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We had this assignment in our class and I was also provided with the solution. I want to ask about a small detail in it.

The assignment:

Proof by construction. For each even number $n$ greater than or equal to $4$, there exists a $3$-regular graph with $n$ nodes.

The solution:

The set of nodes of $G$ is $V = 1, 2, ..., n$

And the set of edges of $G$ is the set $E = \{(i, i + 1) | i = 1, 2, ..., n-1\} \cup \{(n, 1)\} \cup \{(i, i+n/2)| i = 1, 2,..., n/2-1\}$

My question: Why does the set $\{(i, i+n/2)| i = 1, 2,..., n/2-1\}$ have the $-1$ in it? For example if $n=8$ we would need to have an edge $(4, 8)$ in our graph, right? But that cannot happen because the highest possible i in that set would be $3$. Or does the $(4, 8)$ come from somewhere else?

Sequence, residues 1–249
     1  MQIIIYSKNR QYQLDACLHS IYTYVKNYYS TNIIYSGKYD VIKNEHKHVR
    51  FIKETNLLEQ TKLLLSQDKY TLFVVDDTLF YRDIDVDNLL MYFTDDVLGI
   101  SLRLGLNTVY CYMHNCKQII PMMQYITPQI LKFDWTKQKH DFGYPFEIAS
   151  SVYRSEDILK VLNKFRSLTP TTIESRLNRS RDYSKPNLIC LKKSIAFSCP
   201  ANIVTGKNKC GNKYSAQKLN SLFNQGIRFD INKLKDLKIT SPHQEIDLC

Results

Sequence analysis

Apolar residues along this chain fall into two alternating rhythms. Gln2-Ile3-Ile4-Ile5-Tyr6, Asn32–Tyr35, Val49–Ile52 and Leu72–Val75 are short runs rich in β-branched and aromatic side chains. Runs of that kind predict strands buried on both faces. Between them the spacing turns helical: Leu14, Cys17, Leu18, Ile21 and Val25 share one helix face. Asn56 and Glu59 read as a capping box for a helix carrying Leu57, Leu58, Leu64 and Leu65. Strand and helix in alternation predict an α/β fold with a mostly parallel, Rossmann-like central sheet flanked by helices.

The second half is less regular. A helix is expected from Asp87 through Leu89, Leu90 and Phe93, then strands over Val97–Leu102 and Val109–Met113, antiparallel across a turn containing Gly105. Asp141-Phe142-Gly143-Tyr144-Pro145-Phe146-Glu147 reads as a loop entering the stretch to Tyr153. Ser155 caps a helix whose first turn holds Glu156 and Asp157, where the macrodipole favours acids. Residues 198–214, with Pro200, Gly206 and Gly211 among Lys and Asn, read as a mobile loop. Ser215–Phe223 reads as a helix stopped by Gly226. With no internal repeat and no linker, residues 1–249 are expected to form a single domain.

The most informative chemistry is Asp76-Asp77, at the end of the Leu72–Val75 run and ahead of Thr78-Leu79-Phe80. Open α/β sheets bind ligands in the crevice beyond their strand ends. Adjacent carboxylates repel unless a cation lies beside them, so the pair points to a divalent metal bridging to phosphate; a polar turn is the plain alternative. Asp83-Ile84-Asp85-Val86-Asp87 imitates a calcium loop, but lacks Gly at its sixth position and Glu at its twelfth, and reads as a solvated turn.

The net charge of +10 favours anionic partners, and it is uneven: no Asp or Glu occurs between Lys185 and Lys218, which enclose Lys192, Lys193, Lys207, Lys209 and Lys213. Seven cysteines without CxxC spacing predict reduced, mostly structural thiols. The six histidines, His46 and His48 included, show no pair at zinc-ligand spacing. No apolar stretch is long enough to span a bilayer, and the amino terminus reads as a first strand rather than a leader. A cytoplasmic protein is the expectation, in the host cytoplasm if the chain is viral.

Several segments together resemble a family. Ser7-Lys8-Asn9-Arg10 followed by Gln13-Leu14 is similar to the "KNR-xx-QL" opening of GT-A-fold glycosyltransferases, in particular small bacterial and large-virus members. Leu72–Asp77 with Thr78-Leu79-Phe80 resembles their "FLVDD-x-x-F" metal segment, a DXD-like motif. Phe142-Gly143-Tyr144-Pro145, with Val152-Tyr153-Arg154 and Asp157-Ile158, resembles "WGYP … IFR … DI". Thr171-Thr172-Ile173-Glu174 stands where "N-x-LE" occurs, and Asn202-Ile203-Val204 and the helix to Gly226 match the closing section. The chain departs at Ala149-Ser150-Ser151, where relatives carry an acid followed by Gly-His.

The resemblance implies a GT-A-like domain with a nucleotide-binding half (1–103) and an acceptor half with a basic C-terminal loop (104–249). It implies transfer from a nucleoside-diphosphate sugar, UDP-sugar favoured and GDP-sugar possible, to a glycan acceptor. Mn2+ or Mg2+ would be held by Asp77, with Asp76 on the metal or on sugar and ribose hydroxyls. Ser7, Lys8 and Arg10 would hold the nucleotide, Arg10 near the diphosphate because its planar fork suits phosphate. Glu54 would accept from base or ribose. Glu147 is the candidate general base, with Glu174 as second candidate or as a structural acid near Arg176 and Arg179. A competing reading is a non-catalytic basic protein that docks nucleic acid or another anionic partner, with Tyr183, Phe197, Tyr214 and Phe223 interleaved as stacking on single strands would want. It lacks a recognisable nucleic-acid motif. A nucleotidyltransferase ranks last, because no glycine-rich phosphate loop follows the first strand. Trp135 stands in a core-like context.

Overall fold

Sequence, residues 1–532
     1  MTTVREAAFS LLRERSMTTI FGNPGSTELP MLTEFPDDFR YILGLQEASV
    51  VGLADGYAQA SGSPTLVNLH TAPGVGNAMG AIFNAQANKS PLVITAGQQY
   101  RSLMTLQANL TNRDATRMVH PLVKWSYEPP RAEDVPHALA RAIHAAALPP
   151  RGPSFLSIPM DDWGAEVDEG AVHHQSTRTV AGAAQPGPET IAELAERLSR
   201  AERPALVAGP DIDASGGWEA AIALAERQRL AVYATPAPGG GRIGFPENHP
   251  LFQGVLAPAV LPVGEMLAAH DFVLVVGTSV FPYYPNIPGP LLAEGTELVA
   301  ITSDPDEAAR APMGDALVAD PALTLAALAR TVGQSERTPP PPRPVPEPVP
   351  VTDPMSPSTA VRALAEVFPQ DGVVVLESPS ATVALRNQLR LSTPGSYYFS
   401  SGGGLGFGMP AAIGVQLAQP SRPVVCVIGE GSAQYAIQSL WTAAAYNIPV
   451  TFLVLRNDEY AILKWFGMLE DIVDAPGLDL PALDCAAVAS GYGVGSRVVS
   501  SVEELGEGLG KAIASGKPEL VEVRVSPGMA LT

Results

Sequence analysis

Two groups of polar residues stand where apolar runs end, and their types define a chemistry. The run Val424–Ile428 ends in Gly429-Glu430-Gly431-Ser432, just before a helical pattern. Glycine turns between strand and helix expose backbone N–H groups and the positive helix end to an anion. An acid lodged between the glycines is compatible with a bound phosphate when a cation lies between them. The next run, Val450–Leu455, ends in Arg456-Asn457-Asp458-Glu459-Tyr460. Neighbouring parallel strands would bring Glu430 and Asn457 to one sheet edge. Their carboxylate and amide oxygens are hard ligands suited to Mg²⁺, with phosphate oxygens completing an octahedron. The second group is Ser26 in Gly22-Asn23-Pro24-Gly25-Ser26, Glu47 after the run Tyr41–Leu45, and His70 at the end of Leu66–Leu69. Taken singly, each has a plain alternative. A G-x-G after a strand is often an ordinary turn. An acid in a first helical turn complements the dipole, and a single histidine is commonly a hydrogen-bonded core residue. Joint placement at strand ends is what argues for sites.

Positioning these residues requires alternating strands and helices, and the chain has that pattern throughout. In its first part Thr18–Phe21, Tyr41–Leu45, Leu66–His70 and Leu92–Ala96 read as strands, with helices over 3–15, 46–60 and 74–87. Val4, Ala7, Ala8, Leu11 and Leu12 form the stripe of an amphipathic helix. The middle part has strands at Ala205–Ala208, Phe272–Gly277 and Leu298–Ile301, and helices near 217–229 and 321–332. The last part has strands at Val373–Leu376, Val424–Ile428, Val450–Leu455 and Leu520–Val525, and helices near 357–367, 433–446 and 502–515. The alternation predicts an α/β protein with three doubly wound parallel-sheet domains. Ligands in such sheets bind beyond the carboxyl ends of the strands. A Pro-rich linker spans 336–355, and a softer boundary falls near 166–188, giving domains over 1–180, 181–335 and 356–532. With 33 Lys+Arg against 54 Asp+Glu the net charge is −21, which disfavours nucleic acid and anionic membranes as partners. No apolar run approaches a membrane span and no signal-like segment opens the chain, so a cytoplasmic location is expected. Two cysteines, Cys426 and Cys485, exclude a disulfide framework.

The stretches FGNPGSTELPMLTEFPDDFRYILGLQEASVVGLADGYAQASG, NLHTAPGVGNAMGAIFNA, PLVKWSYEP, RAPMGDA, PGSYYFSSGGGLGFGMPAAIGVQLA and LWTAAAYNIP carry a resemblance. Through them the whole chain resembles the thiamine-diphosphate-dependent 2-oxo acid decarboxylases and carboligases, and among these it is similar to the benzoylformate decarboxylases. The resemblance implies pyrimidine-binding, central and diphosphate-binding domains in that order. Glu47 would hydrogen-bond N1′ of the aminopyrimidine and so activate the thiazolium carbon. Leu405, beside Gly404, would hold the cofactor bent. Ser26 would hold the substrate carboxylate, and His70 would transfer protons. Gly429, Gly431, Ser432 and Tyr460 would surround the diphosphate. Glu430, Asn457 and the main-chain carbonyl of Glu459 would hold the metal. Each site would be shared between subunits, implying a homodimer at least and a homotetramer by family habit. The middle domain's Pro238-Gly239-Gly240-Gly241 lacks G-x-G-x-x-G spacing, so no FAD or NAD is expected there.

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You are right, there shouldn't be a $-1$.

We can verify that the $E$ given cannot be $3$-regular by using the degree-sum formula:

$$3 \times n = 2E$$

so there should be $3n/2$ edges.

But:

$$|E| = (n-1)+1+n/2-1=3n/2-1 < 3n/2$$

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  • $\begingroup$ The formulas you mentioned are helpful. I will be sure to use them in the future. $\endgroup$
    – lulabee
    Sep 11 '20 at 20:22

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